Reason for the Freezin’

There’s a reason for the freezin’ in Tolstoy. They come together in northern South Dakota, every January, to run or walk a county blacktop. Called the Tolstoy Wind Chiller 5K, it appeals to—we must be honest—unabashedly crazy, well-layered folks. They do it for service dogs, and the veterans who need them. They do it in support of  Labs for Liberty.

This non-profit, 100% volunteer organization provides fully trained service dogs to special-ops military veterans. The dogs are gifted, free of charge, to their warriors.

The little 5K had its start over some post-pheasant hunt beers and steak a few years ago. While out for supper, a pair of friends—regular 5K participants—idly wondered if they were up to the challenge of organizing one themselves. They were! After persuading a daughter with amazing graphic skills to join them, the task force was in place. The trio swears the beer that night had nothing to do with designating January as race month.

Naming a fundraising cause was the easiest part. The three have strong love for country and close military ties. Additionally, one of the families was already fostering Labs for Liberty (L4L) dogs.

Positioned at the finish line this year to greet the 2019 5K participants was Oakley, a stocky, brown lab with all-knowing eyes. That’s where the event’s lightheartedness and life-changing sentiment truly collided. Following, is Oakley’s L4L story. 

Oakley and Jonathan

Jonathan Baxter, Oakley’s warrior, will tell you that Oakley is his “spirit animal,” phrasing not commonly used by a former U.S. Army Ranger. But Jonathan was searching for a new normal since serving his country in Iraq, during some of its most lethal years.

Now a biologist for the U.S. Fish and Wildlife Service in Arkansas, Jonathan had researched service dog options for coping with PTSD challenges. When his L4L application was accepted, something unexpected emerged.

“When I found out I was getting a service dog, I got hope again,” he says. “I didn’t exactly know how it would all unfold, there was still so much to absorb. But for the first time in a long time, just that knowledge was the beginning of being able to look forward again.”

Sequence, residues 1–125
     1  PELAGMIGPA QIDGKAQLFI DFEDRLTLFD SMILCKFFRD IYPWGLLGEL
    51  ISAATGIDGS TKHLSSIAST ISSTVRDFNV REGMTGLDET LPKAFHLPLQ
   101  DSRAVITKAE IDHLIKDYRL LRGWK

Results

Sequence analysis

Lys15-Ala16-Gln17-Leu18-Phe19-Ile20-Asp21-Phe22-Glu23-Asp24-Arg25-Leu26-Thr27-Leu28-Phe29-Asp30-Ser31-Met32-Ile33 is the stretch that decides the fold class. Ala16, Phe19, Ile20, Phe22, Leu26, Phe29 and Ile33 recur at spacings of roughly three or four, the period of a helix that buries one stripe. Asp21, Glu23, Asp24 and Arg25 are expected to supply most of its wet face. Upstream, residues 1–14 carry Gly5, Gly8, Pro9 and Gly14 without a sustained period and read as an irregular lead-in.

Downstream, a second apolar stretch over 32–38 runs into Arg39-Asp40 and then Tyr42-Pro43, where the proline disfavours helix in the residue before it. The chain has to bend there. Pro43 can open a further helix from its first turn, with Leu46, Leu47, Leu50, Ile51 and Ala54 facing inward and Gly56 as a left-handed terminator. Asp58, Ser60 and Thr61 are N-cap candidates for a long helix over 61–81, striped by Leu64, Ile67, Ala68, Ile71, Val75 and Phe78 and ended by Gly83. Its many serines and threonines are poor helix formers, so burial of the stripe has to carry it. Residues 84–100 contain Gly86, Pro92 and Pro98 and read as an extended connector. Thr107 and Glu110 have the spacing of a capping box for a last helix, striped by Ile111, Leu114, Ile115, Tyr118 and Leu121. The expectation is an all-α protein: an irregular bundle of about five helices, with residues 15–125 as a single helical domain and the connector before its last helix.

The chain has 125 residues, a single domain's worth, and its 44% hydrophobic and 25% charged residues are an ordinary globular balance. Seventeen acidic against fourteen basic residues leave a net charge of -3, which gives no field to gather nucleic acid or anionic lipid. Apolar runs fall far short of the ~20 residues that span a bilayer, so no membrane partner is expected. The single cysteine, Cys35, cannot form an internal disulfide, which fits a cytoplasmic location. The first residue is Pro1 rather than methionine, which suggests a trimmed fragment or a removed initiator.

L4L also hosts an annual pheasant hunt, with lodges and landowners vying to host some of this country’s finest. Since Jonathan’s pup was being fostered and trained in South Dakota, and Jonathan is an avid hunter, his hunt invitation also included a meet-up with his future service dog.

The scene that morning of the hunt was mass, furry chaos as 6 or 7 happy L4L dogs frolicked in anticipation of the day’s events. One of the younger chocolates emerged and practically bowled over the slight, southern-accented hunter from Arkansas. Oakley had found his Jonathan.

How did he know his new master? It is why movies are made, books are written, and lifelong memories of childhood dogs are indelible. Science will, in fact, tell you there is chemical connection in dog-to-person interaction. L4L will also tell you they have seen this before, the uncanny, near-instant bonding between veteran and dog.

Then in early February, Jonathan and Oakley went through the week-long pairing process at the Labs for Liberty outpost, in Utah. They are “put to the fire,” learning to use their dog in settings that deliberately trigger the warrior master’s worst anxieties. It is not so much Service Dog 101, more like a 24/7 accelerated learning class.

“It was exhilarating, it was exhausting, and it’s more than I ever thought possible, what Oakley has already brought to my life,” says the Army veteran. Safe spaces are created, disconnection becomes more positively channeled, sleep becomes rest-filled and crowds become manageable again. Family life, in essence, is being given back to this beloved father of three. “Oakley is just plain awesome,” says Jonathan. “I’m in awe of him and the massive effort and support behind each of these dogs.”

And that, as the wind blows and the temperatures plummet, is why they happily run and walk on the Tolstoy Trail, every January—the reason for the freezin’.

Labs for Liberty Mission:

To acknowledge, honor, and empower members of United States Special Operations Forces by providing service dogs for PTSD and physical needs.

  • 84 dogs now gifted
  • Veterans served in 22+ states
  • 100+ volunteers in 6 states
  • 100% volunteer organization

It all started July 5, 2014, when Penney was gifted to Sgt. Anthony Norris, U.S. Army. With each pairing, the Labs for Liberty (L4L) family grows. Four years ago, we had no idea the magnitude of change this amazing family would experience. We did not fathom the ripple effects resulting from placing a pup with a veteran: lives saved, marriages healed, and happy children who once again have a mommy or daddy. Extended families were once again made complete, with hope for the future. Veterans who could again return to school and the workforce, who could enjoy aspects of daily life that we take for granted—that they went to war to defend. It is with unbridled anticipation we look forward to the coming years.
—Labs For Liberty

For More Info

Team Wind Chiller and Labs for Liberty represent the extraordinary people and their charitable organizations we meet every day at VistaComm. Visit and to learn more about the Wind Chiller 5K, recently named to South Dakota’s Hall of Fame, Champions for Excellence, Acts of Excellence Directory. Thank you, Katie, for sharing your wonderful story with our VistaComm clients.